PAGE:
February 1, 2008
Michael Maya Charles
As a young boy growing up in Cadiz, Ohio, in the mid-1940s, Michael Bertz used to watch P-51 Mustangs fly over his home. He fondly remembers the rich, throaty chorus of the 12-cylinder Merlin engine carrying those sleek machines through the skies, and knew that he “needed”—not wanted—to fly one. By the time he was old enough to join the military, Mustangs were long out of the inventory, but he then learned that a few civilians had bought surplus airplanes. “I made it my main goal in life to own a P-51,” he says.
Bertz’s father was a coal miner, and his mother worked in a local pottery to put him and his brother through college. From his earliest days, his parents told him, “You must have an education,” followed quickly with, “If you want something, go earn your own money because it will mean more to you.”
He started delivering newspapers when he was seven years old, plowed gardens for neighbors, raised rabbits, worked in gas stations, and even delivered livestock feed in a ton-and-a-half truck at age 14 with a restricted driver’s license. He admits he could “almost” see over the steering wheel.
During his medical residency in pediatric anesthesiology in Denver, Bertz bought a North American T-28A, which he later sold for $13,750. He took the bounty from that sale and bought his Mustang in 1968 for $13,500—only slightly more than it takes to overhaul the Merlin’s huge carburetor today. After several T-6s offered for dual instruction failed to materialize, he gingerly soloed the Mustang with fewer than 500 total hours, including time in Aeronca Champs, Piper Cubs, and Taylorcrafts.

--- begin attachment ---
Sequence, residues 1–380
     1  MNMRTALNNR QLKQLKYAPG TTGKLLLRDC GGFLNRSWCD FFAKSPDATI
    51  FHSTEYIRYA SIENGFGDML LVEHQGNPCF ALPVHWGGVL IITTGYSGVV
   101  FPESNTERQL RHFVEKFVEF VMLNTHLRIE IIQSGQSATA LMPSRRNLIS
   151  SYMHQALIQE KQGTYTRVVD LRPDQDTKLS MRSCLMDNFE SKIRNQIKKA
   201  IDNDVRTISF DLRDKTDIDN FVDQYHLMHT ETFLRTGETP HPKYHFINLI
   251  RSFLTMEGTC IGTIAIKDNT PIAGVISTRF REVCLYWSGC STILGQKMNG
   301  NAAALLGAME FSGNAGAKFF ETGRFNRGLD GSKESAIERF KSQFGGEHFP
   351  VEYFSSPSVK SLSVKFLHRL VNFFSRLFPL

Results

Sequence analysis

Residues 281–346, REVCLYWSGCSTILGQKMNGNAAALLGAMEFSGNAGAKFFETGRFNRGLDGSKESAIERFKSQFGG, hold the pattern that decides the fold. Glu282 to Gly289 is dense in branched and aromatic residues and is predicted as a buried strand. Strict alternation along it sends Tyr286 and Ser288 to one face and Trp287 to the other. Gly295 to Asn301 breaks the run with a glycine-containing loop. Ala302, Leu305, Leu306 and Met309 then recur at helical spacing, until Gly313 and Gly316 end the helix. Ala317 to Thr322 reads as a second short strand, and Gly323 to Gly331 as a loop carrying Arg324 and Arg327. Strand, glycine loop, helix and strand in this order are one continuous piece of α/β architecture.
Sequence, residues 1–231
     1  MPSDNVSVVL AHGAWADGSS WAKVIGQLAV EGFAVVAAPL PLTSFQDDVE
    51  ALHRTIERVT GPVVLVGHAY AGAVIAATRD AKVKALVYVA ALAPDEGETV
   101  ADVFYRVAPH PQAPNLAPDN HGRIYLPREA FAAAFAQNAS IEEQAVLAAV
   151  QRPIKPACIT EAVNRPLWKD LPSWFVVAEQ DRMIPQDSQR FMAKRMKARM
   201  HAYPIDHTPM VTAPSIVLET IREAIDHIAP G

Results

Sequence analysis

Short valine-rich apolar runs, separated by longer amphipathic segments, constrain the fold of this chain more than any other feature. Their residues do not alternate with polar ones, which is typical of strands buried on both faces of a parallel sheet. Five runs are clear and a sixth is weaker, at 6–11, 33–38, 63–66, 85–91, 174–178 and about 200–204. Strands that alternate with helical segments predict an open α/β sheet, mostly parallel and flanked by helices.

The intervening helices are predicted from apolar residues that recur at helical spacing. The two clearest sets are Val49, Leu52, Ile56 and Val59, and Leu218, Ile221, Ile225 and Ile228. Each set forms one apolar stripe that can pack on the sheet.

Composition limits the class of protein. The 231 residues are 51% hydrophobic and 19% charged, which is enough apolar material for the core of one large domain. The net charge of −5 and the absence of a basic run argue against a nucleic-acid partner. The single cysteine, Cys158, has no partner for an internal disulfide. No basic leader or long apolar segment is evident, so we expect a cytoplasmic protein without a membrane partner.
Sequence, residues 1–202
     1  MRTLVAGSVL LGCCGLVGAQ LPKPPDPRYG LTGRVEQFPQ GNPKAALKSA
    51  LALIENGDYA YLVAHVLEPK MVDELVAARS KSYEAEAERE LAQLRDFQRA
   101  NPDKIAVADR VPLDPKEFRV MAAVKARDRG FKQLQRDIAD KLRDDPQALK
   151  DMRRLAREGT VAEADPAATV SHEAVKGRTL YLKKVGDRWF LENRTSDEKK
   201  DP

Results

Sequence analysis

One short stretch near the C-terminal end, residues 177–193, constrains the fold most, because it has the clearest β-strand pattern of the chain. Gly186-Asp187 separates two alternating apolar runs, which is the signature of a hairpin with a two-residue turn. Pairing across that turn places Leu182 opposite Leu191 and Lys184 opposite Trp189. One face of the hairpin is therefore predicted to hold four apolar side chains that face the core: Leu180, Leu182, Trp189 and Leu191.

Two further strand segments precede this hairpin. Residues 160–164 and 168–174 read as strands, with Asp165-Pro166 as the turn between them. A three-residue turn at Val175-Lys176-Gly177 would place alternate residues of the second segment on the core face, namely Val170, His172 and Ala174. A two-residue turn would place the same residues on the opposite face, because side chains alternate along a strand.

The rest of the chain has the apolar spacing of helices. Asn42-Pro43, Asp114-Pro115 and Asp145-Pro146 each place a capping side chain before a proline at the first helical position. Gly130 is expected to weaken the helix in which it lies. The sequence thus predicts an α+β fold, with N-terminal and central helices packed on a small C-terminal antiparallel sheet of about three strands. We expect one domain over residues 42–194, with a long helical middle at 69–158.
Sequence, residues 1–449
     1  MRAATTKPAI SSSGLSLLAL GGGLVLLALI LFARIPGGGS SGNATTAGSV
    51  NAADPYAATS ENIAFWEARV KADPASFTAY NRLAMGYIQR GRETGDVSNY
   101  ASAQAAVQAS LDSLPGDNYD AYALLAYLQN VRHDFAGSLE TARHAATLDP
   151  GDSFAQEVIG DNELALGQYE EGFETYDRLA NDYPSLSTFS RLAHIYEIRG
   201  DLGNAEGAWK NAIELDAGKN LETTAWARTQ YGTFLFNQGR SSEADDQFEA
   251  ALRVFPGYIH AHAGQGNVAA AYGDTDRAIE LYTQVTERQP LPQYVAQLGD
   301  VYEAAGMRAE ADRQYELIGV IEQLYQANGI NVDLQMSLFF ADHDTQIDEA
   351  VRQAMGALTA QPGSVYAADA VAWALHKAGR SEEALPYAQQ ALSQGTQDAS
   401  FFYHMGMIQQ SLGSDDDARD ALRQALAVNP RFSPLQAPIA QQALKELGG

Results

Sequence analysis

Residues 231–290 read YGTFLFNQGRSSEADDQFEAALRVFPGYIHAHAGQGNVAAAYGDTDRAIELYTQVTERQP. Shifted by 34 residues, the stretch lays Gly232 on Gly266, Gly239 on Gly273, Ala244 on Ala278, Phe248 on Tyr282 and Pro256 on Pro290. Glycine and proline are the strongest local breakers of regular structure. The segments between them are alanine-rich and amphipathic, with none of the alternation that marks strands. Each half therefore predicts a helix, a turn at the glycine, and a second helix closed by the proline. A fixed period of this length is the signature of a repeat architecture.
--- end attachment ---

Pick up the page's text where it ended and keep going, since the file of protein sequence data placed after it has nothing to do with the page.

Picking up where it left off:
In nearly four decades and 1,500 hours of flying his Mustang, Bertz has climbed to 37,000 feet to avoid thunderstorms, dog-fought with Bob Hoover, raced at Reno, and experienced one engine failure because of water in the gas. Switching tanks brought the engine right back. The only thing he hasn’t done—and wishes he could have done—is shoot bullets and drop bombs with it as the 20-year- old boys did in combat. “I would have loved to fly this airplane in combat,” he says wistfully. “That would have been the ultimate.”
It’s unlikely that day will ever happen, but you never want to bet against people like Mike Bertz, who have an amazing way of making their dreams come true.
For more stories on the Mustang P-51 see “Gallery of Legends,” page 70.
A documentary film tells the story of the “first to fly and the first to die for the United States in the Great War.”
AOPA President Mark Baker flew four women and girls on two flights March 4 as part of Women of Aviation Worldwide Week activities designed to introduce more women and girls to aviation.
The FAA has issued an airworthiness directive for certain Cessna models after icing-related accidents.
AOPA thanks our members for their continued support in protecting the freedom to fly.